Answers/

General Running

How many miles should you put on a pair of shoes, before getting new ones?

asked about 5 years ago | Report

10 answers

scroll to bottom
  • i dont go by miles, i go by months. its about every 3. i get a new pair for cross country, winter base, track and summer base and 2 pairs of flats(one for xc and one for track)

    answered about 5 years ago |Report

    • 0
      thumbs up
    • 0
      thumbs down
  • The general consensus is around 500 miles. However, there are a lot of variables that come into play. Body type, gait and terrain can all either lengthen or shorten a shoe's life. Your body should also let you know when it is time for a new pair. Watch for unusual aches and pains as the miles add up. For example, if an easy day brings on unusual soreness to your knees/shins/ankles it may be time to hit the local running shop.

    answered about 5 years ago |Report

    • 2
      thumbs up
    • 0
      thumbs down
  • I never let my running shoes exceed 300 miles. I always determine their durability by miles only. For those first 300 miles I only use them to train, never using them for ordinary use. After 300 miles, I use them for any use and get a new pair. After a while I donate them at my local running store.
    Although when the occasion does rise, such as an injury or special event, I will buy a new pair. About 75 miles away from a marathon I replace them regardless of how many miles are on them so that they can have time to break in before the marathon.
    In my opinion shoes are the number one factor in determining your running ability. Numerous injuries can occur because of the shoes you wear. Without a good pair you will not run well. Determining the exact shoe you need requires a specialist or the experts at specialty running stores. Do not just go out and buy a pair for their looks, reasonable price, or even the brand. Get the pair that best fits you, the durability of the shoe, and the comfort level, or any other personal need you have. If that means paying a little bit more, so be it. If that means switching to another brand, OK. But once you find that right pair, your running progress will take off (literally).

    answered about 5 years ago |edited about 5 years ago |Report

    • 3
      thumbs up
    • 0
      thumbs down
  • I have a pair of (cheap) inserts that I've been using in my shoes for the past few years. It seems like my shoes last forever now. I think the arch support is what makes the biggest difference. My newest pair of shoes feels the same as my older pair when I have the inserts in. I would just go by feeling it out.

    answered about 5 years ago |Report

    • 0
      thumbs up
    • 0
      thumbs down
  • I try to get 500 miles ..Them sneaks are $$$$$$$..But I find my self looking at the bottums and saying,Hey !! What happened to the tread...I think they conspire to make the soles wear faster or maybe its those days my ass is draging...Come on Tim pick up your feet...4to5 hundred sweet pea..Tim

    answered about 5 years ago |Report

    • 0
      thumbs up
    • 0
      thumbs down
  • I try to get 500 miles as well. I am a heavy heal striker, so I have to "shoe goo" the heals to get there.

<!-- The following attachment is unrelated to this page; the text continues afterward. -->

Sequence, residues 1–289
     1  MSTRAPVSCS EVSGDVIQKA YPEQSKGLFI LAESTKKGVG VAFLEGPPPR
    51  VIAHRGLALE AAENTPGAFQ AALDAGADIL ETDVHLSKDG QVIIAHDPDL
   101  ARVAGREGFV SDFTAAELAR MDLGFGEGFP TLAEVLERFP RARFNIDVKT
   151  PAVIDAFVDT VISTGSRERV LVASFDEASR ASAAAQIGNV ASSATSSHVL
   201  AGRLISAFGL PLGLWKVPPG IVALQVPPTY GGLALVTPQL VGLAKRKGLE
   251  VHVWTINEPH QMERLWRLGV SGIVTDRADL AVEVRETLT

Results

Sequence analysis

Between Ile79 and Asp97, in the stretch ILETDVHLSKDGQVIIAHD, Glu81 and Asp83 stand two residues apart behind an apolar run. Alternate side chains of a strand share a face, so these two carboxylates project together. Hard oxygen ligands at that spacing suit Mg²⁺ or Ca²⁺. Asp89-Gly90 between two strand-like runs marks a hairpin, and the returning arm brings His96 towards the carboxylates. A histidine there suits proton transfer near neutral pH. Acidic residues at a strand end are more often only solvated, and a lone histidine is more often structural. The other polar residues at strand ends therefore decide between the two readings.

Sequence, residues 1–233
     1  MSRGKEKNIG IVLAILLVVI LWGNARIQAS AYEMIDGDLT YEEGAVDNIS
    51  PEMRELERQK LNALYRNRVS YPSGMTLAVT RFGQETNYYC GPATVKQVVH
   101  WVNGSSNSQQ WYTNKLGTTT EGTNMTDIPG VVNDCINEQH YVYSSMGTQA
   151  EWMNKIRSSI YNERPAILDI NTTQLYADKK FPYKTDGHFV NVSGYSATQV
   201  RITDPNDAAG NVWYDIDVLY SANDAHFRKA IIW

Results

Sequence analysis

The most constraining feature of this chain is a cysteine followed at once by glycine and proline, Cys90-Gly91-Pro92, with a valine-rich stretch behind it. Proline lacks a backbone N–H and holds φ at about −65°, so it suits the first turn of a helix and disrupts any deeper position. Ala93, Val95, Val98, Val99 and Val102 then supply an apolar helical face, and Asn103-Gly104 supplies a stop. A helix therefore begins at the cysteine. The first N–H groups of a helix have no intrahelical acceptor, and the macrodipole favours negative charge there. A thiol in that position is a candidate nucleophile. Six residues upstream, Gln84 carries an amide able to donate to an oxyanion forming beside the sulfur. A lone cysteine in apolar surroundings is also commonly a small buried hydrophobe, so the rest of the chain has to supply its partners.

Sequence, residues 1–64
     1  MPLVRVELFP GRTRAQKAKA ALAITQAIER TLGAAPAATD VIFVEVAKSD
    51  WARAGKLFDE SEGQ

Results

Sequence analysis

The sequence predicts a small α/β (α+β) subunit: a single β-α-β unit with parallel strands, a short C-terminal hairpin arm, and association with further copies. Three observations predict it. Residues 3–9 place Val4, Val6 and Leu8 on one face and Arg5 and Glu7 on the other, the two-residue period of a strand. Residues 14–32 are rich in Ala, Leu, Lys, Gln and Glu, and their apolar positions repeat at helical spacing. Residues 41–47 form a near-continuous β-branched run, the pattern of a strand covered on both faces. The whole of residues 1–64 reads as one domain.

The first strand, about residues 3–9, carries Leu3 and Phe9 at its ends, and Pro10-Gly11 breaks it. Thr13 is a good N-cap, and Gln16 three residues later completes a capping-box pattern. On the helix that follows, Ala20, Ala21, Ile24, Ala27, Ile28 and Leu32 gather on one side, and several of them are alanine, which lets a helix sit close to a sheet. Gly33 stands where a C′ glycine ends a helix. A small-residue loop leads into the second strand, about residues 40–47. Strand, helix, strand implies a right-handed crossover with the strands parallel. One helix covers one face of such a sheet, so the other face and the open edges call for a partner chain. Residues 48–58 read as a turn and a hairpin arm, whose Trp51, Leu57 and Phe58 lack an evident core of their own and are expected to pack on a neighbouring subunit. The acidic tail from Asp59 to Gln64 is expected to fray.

answered about 5 years ago |Report

    • 0
      thumbs up
    • 0
      thumbs down
  • I never go much over 300 miles. If they are Nikes they last even less. You have to see how you feel. I also would consider if these shoes are used for other things and not just for running. I have around 230 miles on my current shoes but they start feeling too loose. I am starting to get heel pain. I am trying to get 1-2 more weeks out of them but also need to get 50 miles on my new shoes before my marathon in one month. I am putting in 30-40 miles most weeks right now. My shoes are only 2 months old but will soon become my mud and wet weather shoes.

    answered about 5 years ago |Report

    • 0
      thumbs up
    • 0
      thumbs down
  • What does "shoe Goo" the heals mean Ron L? Anyway I just put about 350 on my shoes and I could start to tell that my legs were getting fatigue sooner in my run. I think that my shoes where the cause of the problem. I will soon find out, as I will start to break in my new pair this week.

    answered about 5 years ago |Report

    • 0
      thumbs up
    • 0
      thumbs down
  • Depends on a lot, I find its about 300 - 600 miles depending on how hard Im running. When i was running 5-10km runs I'd get closer to 600 miles. Lately with running up to 30km distances Im down around 300 miles or less. I really feel it in my feet when the support starts giving out, so I know when the old shoes have to go!

    Basically the loss of support affects you more the longer you spend on your feet. Less distance means the shoes have less effect and wear less. But dont let that deter you, just shop smarter!! (I watch out for clearance sales of last seasons stock, usually pick up a new pair of good shoes for under half price, sometimes 2 pairs for less than a price of one)

    answered about 5 years ago |Report

    • 0
      thumbs up
    • 0
      thumbs down
  • My "rule" is 400 miles. I am about 180lbs. I find the shoes break-down right around 400 miles. There are exceptions, of course as there are many factors involved. I keep an eye on them as they approach about 300 miles. If I find they bend easily or if the mid-sole shows compression, I may retire them early. If they seem to be holding, I may let them go for an extra 100 miles. I also keep shoes in rotation so I never just switch from one pair to the next. I keep the shoes about 150 miles apart and when I retire one pair, I buy a new one. This was a bit expensive to start, but I find I have fewer injuries this way.

    answered about 5 years ago |Report

    • 0
      thumbs up
    • 0
      thumbs down

Similar Questions in Running - General Running